Icelandic sample exams Posted by sequoia on Jan 25, 2012 in Icelandic customs, Icelandic grammar
This post is for the person who wanted to know about the exams for the Icelandic courses. Unfortunately this might be too late to help them, but hopefully it can help someone else.
The first thing you need to know is that there are two different “Icelandic for foreigners” courses at the University of Iceland. One is the Bachelor’s degree course, and the other is a simple diploma course. The Bachelor’s course is intended for people who already know quite a bit of Icelandic before starting the course, and who want to become fluent in Icelandic, take unrelated courses at the University which are taught in Icelandic, become a translator, or other such things after they’ve finished the program. The diploma course is to teach you “everyday life” Icelandic for getting a job and talking to people with bad English (which will 99% of the time be other foreigners and not Icelanders, unless the Icelander is a young child), and is intended for people who have no or little prior knowledge of Icelandic.
Even if you know some Icelandic already, chances are unless you’re Scandinavian or Faroese (or have been studying Icelandic on your own for a few years) you aren’t ready for the degree course right off the bat. This is a course that kids who grew up speaking Icelandic in a foreign country take to better their grammar, or people who have been living in Iceland for eight years take to better their speaking skills, and the teaching reflects that level of knowledge. Unless you’re that good, I recommend you take the diploma course and take the degree course after the one year of the diploma.
In order to get into the diploma program, you simply sign up for it. In order to get into the degree program, you have to both sign up and then take an entrance exam in Icelandic so they can see how much you know. I think I did pretty badly on the entrance exam and I did very badly in the degree course classes themselves, but for some reason they still let me take them. You’re unable to get your score back from the entrance exam and they don’t give out sample exams for that, as far as I’ve found.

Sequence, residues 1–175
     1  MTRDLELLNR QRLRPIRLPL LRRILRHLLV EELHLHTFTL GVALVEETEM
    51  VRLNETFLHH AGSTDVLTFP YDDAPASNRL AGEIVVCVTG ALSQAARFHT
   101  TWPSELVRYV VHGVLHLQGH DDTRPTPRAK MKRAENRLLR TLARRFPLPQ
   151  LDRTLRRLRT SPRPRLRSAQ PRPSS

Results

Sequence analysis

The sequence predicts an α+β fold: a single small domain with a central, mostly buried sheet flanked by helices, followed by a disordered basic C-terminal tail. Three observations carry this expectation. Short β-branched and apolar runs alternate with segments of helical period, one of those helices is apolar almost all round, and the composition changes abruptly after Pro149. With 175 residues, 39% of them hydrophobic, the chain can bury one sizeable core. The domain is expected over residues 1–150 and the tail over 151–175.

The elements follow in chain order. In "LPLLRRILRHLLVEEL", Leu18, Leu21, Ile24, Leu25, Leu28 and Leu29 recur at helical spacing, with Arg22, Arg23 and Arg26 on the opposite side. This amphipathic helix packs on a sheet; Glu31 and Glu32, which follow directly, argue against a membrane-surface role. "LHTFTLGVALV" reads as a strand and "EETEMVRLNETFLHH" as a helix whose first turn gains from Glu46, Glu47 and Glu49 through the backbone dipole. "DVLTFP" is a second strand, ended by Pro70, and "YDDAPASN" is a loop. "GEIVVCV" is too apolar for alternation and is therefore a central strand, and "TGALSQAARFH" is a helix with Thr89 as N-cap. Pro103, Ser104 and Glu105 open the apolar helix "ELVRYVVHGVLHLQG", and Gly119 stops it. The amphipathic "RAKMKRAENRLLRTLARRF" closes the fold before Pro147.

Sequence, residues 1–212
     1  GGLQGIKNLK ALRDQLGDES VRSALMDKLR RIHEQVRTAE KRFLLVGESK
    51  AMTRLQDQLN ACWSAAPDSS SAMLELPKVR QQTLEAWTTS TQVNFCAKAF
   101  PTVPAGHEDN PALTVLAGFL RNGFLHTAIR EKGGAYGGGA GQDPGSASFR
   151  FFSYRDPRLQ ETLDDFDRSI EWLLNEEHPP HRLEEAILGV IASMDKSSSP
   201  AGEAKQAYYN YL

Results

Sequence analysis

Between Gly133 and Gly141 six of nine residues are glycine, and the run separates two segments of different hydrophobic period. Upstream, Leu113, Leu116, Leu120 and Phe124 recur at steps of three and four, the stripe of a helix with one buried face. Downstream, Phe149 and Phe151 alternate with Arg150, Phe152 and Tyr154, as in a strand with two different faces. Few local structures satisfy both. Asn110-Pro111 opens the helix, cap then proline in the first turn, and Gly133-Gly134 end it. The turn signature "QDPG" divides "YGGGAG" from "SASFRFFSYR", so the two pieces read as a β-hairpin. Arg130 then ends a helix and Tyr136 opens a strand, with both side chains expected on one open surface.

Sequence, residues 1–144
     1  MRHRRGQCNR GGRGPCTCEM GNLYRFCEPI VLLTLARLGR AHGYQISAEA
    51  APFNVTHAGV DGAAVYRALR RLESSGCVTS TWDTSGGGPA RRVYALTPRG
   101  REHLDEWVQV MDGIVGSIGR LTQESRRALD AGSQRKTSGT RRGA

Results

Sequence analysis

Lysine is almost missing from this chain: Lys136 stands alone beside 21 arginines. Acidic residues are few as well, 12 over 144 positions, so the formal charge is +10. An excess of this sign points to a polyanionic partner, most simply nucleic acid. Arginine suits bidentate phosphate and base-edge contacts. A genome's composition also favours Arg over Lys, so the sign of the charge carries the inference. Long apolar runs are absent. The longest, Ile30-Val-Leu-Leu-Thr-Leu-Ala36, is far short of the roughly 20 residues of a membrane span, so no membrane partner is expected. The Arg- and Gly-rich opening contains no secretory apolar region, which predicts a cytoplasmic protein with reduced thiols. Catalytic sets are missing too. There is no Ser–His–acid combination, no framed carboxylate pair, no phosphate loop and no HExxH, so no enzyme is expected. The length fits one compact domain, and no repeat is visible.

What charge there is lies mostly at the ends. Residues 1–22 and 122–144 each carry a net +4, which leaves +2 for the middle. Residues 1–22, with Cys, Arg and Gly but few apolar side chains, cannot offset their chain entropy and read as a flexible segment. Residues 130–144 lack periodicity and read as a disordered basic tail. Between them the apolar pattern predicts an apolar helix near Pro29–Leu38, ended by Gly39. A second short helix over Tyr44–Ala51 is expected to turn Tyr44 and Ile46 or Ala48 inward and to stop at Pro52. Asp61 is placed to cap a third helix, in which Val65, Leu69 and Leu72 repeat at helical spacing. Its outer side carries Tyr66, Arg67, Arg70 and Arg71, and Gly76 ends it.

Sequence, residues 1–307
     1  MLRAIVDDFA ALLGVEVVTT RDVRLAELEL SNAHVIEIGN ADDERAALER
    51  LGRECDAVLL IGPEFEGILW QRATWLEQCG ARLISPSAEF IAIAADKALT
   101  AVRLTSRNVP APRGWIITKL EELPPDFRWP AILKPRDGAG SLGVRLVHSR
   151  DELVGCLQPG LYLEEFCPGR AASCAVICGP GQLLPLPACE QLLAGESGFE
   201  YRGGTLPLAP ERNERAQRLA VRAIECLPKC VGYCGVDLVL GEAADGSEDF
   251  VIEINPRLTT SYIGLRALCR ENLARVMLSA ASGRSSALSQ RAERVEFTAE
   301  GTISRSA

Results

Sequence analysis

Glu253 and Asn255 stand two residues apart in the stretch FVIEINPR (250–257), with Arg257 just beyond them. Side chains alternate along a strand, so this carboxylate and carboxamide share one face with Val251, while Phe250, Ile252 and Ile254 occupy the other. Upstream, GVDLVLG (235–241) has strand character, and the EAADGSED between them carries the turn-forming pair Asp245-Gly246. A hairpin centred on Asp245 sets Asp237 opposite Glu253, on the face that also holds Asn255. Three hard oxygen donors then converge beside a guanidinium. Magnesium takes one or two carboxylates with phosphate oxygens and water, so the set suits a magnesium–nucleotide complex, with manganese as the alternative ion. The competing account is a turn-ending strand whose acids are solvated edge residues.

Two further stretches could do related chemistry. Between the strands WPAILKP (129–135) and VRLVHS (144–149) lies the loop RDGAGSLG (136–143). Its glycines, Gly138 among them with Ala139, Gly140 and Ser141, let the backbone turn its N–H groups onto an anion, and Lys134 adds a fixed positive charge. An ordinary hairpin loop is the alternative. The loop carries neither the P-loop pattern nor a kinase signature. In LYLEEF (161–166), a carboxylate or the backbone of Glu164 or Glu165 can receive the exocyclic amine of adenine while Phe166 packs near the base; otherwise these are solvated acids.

Since the exam was almost two years ago for me, I can’t really remember what was on it. I think it was a lot of fill in the blank and multiple choice “what conjugation goes here” for various words and numbers, and then a short writing section where you answer a few questions. What you do need to know though, is that absolutely everything is in Icelandic. There are no English instructions and chances are the person giving you the exam won’t speak in English – this carries over to the degree program itself, where they’ll teach you entirely in Icelandic.
The main thing that you need to know if you’re going to be taking these exams, that you might not otherwise know, is grammar terms in Icelandic. You can look all of these up in an online dictionary but if there are any that you can’t find or don’t understand, or if there’s a whole sentence you can’t read because of all the weird grammar terms, just ask me and I should know. They might write them in English in the diploma course, but certainly never in the degree course.
At the top where 194853 is, it says “name or exam number” but what they really mean is “kennitala or exam number”. Attention, don’t write your name AND exam number, it’s or. Your exam number is not your kennitala (social security number) but I’ve never seen anyone use the exam numbers anyway. More on them in another post.
“Heiti námskeiðs” – name of your studies. Actually I’m not sure what I would put there, if it’s the department within the school or the actual degree name.
With the boxes with x’s to the right, you mark the same number as you wrote in the top. The first column of numbers is one slot. So, you can only have one x per column – it’s the columns that matter, not the rows. If you look at theirs, their x’s match up to their number written above. To the left of this stuff is just written instructions on how to fill out this form.
Below is a bunch of empty squares with letters and numbers. These match up to your exam, so if you have a multiple choice question that has three answers for your first question, you’ll mark an x in box a, b, or c for 1. Don’t colour in the entire box like we do in America, I did that on my first exam and the exam lady had to give me a new answer sheet and scolded me for it. Only mark an x!
S stands for Sannur and is used for true in true or false. Ó is ósannur and is untrue, or false. If you didn’t already know, ó in front of a word means the opposite of the original word, like “in-” or “un-” or “non-” prefixes in English (considerate vs. inconsiderate, unimportant versus important).
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